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Mary’s caring role continues after work

Mary Bourke is a busy woman. Working in Carer Support and Support Coordination (NDIS) for VMCH, she travels from her home in Euroa to Shepparton and Wangaratta to help others thrive within their communities, despite their personal challenges.

She thoroughly enjoys the work that she does, especially the time she spends with the carers.

“I think the world of them. They are resilient, passionate and honest about their situation. They welcome you into their lives. They tell you their most wonderful and most challenging moments and they trust you with all this, a complete stranger.

“I love this job because it’s about people, it’s about reality and we are able to build rapport and do something that makes a difference.”

When Mary isn’t working with carers, or NDIS support services, Mary wears a third hat, which is again focused on working with people. In her spare time, she supports a number of young people through Berry Street and has been a respite carer for over 15 years.

“I don’t have kids, so I trust them with keeping me informed! What can I say, who doesn’t love kids? They stay for a weekend, sometimes a week, it depends on their needs at the time. I feel like I am giving back for the wonderful childhood I had.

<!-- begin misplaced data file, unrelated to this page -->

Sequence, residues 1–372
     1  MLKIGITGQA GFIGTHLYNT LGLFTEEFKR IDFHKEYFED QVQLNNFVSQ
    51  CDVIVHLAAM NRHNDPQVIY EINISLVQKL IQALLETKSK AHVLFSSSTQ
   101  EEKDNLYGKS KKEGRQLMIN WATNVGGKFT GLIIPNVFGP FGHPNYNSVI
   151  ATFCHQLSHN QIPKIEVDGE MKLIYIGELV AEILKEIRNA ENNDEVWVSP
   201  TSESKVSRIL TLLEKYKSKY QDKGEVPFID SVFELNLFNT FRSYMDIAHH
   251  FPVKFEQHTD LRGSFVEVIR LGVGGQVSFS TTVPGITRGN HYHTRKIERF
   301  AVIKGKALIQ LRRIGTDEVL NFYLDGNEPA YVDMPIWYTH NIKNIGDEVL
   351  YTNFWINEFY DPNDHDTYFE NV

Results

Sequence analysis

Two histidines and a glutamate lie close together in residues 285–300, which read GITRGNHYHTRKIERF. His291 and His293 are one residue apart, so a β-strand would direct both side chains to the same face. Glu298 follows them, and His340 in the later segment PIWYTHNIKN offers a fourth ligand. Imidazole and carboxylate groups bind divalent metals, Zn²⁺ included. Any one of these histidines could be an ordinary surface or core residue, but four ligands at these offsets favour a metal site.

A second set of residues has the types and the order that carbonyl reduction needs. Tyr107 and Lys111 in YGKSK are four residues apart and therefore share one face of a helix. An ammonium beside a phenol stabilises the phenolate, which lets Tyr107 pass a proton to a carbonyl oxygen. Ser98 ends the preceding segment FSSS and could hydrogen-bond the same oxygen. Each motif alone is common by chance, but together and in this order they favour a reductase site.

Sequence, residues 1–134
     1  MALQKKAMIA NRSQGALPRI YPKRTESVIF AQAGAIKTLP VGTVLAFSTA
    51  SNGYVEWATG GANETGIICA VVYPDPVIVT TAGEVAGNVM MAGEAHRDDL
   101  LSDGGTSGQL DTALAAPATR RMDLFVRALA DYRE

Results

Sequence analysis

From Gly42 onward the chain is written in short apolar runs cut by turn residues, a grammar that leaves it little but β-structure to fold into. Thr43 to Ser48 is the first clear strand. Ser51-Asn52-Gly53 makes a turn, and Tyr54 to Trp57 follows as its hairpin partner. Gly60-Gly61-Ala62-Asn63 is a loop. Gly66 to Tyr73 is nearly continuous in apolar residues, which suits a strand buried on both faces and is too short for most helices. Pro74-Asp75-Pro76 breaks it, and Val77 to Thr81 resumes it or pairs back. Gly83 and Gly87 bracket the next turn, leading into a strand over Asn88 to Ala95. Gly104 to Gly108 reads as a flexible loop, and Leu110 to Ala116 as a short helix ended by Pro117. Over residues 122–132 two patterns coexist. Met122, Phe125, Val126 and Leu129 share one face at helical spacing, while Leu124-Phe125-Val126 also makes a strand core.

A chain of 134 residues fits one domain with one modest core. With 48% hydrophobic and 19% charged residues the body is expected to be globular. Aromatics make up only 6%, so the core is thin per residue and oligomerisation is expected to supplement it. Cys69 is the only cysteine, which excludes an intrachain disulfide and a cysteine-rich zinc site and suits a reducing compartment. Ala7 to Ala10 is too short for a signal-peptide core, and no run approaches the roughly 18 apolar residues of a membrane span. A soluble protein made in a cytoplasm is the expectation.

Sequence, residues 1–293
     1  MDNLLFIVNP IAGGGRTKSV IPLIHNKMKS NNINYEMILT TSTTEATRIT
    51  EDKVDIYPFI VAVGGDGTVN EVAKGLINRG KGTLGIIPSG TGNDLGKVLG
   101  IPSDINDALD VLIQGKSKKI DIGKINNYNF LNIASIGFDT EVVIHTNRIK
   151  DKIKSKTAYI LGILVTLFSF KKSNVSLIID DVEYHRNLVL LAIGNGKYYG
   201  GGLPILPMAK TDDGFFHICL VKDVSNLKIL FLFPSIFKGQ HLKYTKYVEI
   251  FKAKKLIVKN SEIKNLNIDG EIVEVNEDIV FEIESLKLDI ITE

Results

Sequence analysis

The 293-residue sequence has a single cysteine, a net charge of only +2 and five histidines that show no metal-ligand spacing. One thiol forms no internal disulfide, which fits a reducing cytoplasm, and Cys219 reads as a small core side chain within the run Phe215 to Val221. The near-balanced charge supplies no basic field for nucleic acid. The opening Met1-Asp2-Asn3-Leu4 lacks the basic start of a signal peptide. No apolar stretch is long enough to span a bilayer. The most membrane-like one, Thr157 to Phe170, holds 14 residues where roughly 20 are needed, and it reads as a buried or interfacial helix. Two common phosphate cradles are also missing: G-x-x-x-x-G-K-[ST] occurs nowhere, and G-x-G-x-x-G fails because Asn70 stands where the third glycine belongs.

“Kids are honest, fun and annoying at times. But they keep you honest.”

Mary keeps herself, and her young companions very busy. She often takes them to the library, swimming, and plays games with them, “like UNO, but I always lose…”

“We watch DVDs, visit playgrounds, the stuff that average families do. I like to tire the kids out, so they sleep after a good night story!”

Mary says the kids like coming back, because of her whippet Maggie, a rescue dog. She thinks that the kids can relate to her, as a nervous, but gentle dog.

If that wasn’t enough, Mary also started, and continues to work for, the Rural Australians for Refugees (RAR) group in Euroa. Together with another woman, they started the group about five years ago.

“Life is very tough for some and we are a very wealthy country,” she says. “We need to exercise compassion. It could be us one day running from something. I just don’t understand our stance on those less fortunate than us.”

So why does Mary do all that she does, and why others give our time, effort and care, for the others?

“It’s fun. It feels good and brings rewards that you can’t buy. You learn heaps about yourself as well, that’s if you’re brave enough to hear those lessons!”